By |Published On: February 11th, 2021|Categories: Research Insights, Academic Research Insight, ETF Investing|

Intraday Arbitrage Between ETFs and their Underlying Portfolios

  • Box, Davis, Evans, and Lynch
  • Working paper
  • A version of this paper can be found here

Editor’s note: Seeing how the results may have shifted since the “ARK phenomenon” would be a great robustness test for this paper.

ETFs are growing at a rapid pace and becoming a significant contributor to intraday activity (and we are only making the problem worse!). Naturally, some will begin to wonder how the ETF innovation impacts trading in the underlying securities that ETFs own. Initially, it was thought that ETF trading would improve price discovery, however, recent academic research has concluded that ETFs may have adverse effects on the market.(1)

The paper under discussion jumps into the debate via a minute-by-minute intraday stock database to identify if ETFs have positive or negative effects on the efficiency of the stock market.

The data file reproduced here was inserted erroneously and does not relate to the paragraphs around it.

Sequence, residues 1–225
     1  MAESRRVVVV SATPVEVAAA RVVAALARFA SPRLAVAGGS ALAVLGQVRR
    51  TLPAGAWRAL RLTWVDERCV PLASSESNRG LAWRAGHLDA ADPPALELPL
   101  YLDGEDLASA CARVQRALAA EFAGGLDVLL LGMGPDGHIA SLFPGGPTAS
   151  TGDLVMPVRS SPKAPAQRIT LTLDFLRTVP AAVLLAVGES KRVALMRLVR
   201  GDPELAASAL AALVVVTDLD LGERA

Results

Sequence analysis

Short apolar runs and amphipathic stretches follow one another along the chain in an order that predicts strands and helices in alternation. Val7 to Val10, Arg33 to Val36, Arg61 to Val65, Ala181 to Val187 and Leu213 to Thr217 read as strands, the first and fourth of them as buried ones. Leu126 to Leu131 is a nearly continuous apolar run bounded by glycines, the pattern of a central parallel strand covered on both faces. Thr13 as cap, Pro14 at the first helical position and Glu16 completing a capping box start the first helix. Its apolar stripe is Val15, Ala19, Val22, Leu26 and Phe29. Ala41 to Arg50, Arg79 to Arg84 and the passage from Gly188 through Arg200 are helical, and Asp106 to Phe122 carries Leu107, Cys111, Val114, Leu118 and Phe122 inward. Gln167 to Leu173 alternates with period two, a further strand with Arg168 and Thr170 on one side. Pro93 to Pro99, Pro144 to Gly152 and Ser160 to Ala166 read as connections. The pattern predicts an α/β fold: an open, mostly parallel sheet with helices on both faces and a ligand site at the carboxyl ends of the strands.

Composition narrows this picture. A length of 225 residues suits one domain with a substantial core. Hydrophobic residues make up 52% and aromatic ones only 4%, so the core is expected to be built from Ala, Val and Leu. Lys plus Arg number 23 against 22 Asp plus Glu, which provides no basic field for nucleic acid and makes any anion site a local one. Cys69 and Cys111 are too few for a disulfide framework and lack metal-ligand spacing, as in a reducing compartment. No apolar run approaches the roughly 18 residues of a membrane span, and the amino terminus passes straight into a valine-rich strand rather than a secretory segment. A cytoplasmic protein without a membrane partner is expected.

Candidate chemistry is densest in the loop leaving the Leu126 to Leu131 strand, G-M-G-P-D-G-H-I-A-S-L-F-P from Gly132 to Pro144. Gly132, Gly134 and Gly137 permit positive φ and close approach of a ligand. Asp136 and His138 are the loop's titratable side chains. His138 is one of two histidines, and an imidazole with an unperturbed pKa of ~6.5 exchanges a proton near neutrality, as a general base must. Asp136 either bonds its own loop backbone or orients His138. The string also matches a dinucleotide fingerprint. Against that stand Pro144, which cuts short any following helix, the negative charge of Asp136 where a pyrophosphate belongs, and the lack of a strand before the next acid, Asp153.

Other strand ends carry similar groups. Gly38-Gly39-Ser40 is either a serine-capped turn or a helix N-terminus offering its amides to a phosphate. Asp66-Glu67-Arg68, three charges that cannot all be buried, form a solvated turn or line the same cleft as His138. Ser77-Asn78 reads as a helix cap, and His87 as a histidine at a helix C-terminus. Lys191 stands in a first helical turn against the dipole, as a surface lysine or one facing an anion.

The core research question is the following:

  • Do ETFs materially impact their underlying securities in a negative way?

What are the Academic Insights?

  • No. ETF flows and demand shocks do not appear to have undue influence on the underlying constituents. But it’s complicated and we recommend you read the paper for more details.

The authors state the following:

No relationship between ETF order flow and returns on the constituent securities at 1-, 5-, and 10-minute intraday intervals, and only a weak relationship at a daily interval.Intraday Arbitrage Between ETFs and Their Underlying Portfolios, Box, Davis, Evans, and Lynch 2019

Their conclusion from a cadre of tests is as follows: